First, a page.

Peter, a huge Thank You to you for setting up and running radiance-online.org. I agree with Jack that your site (and especially the list) has been instrumental in invigorating the interest and support of this great program called Radiance. Thanks!

···

On May 31, 2006, at 1:04 PM, Jack de Valpine wrote:

Hi Thomas,

I think that what I mean about the domain name transfer. Is not transferring the domain name from one registrar to another this should not be an issue. What I was wondering about is rather than wait for expiration and re-register the domain, if we could not arrange for a more orderly transfer. Actually, I have just gone to my Network Solutions account, a preliminary review looks like it is possible to request transfer from own party to another, so this may be the best mechanism.

Hi.

As things start to develop rather fast at the moment, I will add some ideas to the discussion.

As some may or may not memember, I asked about some kind of Radiance Knowledge Base some time ago, as I found the wiki to be dead. After that, at least documentation projects were started, one being some kind of keyword-based and directory (Axel's project, I think he will show us more soon :wink: with ranking to make information available, the other an attempt to implement the collaborative writing ideas discussed here I started using the CMS called Drupal, which offers a content type called book that not only can be edited, but also ex- and imported for those working offline and even, still limited, export to docbook. It is also possible to use tex-written content (useful for the maths and not unimportant for Radiance). As I did plan to first stabilize and fill with some content, I had not announced this, but the site's skeleton is available at radiance.free-architecture.org. Actually I would prefer it to be integrated into radiance-online as close as possible.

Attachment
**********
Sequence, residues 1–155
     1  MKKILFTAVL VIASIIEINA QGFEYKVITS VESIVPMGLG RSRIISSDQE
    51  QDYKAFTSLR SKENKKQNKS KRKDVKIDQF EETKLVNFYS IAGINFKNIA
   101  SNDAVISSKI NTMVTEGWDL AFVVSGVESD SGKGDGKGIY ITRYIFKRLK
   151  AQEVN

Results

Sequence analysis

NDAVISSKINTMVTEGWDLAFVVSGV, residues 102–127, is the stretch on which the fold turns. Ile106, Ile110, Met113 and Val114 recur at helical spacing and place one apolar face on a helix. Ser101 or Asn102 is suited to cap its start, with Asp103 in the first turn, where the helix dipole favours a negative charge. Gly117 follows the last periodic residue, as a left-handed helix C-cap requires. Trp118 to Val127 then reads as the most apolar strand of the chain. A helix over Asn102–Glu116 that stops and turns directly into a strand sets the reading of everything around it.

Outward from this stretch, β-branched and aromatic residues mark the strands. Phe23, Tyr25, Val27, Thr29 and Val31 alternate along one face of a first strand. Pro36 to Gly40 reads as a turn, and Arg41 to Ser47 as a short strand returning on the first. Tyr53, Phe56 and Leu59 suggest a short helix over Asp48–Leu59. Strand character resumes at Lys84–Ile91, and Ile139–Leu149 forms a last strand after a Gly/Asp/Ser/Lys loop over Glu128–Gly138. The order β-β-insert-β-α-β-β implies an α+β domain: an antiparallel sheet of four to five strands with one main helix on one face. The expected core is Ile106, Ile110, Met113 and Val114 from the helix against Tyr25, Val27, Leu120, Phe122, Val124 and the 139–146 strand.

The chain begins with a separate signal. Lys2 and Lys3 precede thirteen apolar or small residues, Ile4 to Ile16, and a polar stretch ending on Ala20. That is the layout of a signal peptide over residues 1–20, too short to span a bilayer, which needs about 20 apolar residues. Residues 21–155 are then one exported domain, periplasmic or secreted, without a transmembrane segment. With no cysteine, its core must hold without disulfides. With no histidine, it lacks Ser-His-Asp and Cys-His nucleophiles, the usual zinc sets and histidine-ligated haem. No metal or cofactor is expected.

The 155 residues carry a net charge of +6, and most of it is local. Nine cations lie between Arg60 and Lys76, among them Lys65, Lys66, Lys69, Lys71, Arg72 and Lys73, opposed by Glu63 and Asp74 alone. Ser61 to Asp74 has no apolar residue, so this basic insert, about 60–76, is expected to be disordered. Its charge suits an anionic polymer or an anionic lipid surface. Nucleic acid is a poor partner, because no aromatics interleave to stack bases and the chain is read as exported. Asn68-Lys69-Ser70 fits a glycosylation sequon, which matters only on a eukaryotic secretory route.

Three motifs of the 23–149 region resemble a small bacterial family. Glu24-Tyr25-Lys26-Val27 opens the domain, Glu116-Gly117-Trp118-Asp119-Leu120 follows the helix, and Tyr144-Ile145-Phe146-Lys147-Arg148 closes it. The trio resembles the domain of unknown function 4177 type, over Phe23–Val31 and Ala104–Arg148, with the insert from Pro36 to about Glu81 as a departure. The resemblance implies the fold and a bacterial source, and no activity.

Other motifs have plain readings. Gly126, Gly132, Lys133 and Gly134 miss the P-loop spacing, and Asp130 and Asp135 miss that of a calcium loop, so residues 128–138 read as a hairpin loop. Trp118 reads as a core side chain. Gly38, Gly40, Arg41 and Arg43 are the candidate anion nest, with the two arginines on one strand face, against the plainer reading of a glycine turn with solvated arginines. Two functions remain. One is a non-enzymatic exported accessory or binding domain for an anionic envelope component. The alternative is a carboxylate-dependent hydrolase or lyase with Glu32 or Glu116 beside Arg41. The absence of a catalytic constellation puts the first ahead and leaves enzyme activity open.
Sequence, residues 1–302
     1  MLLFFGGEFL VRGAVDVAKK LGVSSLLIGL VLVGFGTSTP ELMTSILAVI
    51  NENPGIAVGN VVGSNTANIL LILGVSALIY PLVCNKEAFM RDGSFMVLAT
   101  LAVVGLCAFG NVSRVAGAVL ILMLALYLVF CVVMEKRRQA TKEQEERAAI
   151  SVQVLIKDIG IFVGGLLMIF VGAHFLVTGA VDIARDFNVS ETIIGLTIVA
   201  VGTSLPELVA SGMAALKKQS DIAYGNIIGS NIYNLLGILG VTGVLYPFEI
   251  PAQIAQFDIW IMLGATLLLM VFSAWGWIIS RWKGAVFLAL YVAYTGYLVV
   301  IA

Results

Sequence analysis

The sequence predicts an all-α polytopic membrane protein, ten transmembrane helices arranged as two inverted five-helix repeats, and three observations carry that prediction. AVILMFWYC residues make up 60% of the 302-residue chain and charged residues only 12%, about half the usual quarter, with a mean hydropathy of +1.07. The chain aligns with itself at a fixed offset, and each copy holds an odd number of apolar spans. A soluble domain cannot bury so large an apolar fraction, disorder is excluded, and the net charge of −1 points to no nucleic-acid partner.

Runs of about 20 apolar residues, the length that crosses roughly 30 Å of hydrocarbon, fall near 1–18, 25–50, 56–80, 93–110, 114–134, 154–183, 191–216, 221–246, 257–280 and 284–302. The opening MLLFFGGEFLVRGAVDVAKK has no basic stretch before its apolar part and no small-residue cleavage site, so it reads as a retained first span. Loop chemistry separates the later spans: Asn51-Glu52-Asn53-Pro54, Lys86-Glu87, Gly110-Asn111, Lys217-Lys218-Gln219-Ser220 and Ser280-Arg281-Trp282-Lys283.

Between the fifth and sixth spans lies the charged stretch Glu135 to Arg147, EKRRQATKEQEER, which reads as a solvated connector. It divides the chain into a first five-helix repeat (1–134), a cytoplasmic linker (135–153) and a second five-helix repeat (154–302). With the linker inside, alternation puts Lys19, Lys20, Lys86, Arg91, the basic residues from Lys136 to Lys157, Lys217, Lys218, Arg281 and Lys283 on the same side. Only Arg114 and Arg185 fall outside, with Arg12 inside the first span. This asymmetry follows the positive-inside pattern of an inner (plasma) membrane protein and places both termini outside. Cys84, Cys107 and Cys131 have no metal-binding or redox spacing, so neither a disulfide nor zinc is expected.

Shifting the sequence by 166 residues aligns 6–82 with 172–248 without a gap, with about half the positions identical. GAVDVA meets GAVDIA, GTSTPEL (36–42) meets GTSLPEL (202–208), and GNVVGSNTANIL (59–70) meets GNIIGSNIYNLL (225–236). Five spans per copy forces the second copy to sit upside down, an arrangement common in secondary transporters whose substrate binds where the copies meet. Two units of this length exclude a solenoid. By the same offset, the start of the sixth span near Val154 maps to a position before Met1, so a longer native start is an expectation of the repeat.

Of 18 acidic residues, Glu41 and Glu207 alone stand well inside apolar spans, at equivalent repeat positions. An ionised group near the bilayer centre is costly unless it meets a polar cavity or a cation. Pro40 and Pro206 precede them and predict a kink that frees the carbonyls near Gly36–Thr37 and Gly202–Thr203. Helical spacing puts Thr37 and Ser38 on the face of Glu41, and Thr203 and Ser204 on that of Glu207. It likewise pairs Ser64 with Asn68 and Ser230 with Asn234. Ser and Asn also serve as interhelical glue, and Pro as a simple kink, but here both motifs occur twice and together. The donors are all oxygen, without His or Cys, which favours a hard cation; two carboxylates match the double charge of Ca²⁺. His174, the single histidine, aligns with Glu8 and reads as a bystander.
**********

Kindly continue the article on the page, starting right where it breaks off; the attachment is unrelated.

If a new Radiance site is set up, I offer to move all my existing efforts over to that. So please think over how useful the integration of this documentation effort would be, and consider even taking the installation as a CMS for the new site.

Second, I asked people from my old university if it is possible to host the site. I did not get any answer, but maybe it is one more option to choose. It would add Solaris to the list of platform/OS options. But actually, for web services, I never saw much of a difference between all the unix-likes.

CU Lars.

Greg Ward wrote:

We'd have to ask, but I think they'd be OK with remote site
administration. I do a lot of my LBNL consulting work via ssh, but
that doesn't require root access. Danny Fuller, their IT guy, also
prefers FreeBSD over Linux, and I'm not sure what issues that might
cause.

The problem with academic sponsorship might be that we have to
ask for (and have approved) any new service we want to offer.
If we don't know the right person to ask this could take a
long time. As well I'm not sure their admins would be happy
with people messing around on one of their machines who are
not directly connected to the institute.

OTOH I obviously had a wrong idea about hosting prices these
days ... From the financial point of view any sponsorship would
be preferred. If we can get a liberal (internet) sponsor I'd be
happy to help setting things up there. But I'd think twice if
it includes restrictions about what we can do with the site.

I agree that it would be great to consolidate the old site with
radiance-online.org.

It is a great idea to consolidate any knowledge out there.
A tidy radiance-online.org would be a good start.

Thomas

···

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If you have any queries, please contact the sender.
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***********************************************************************************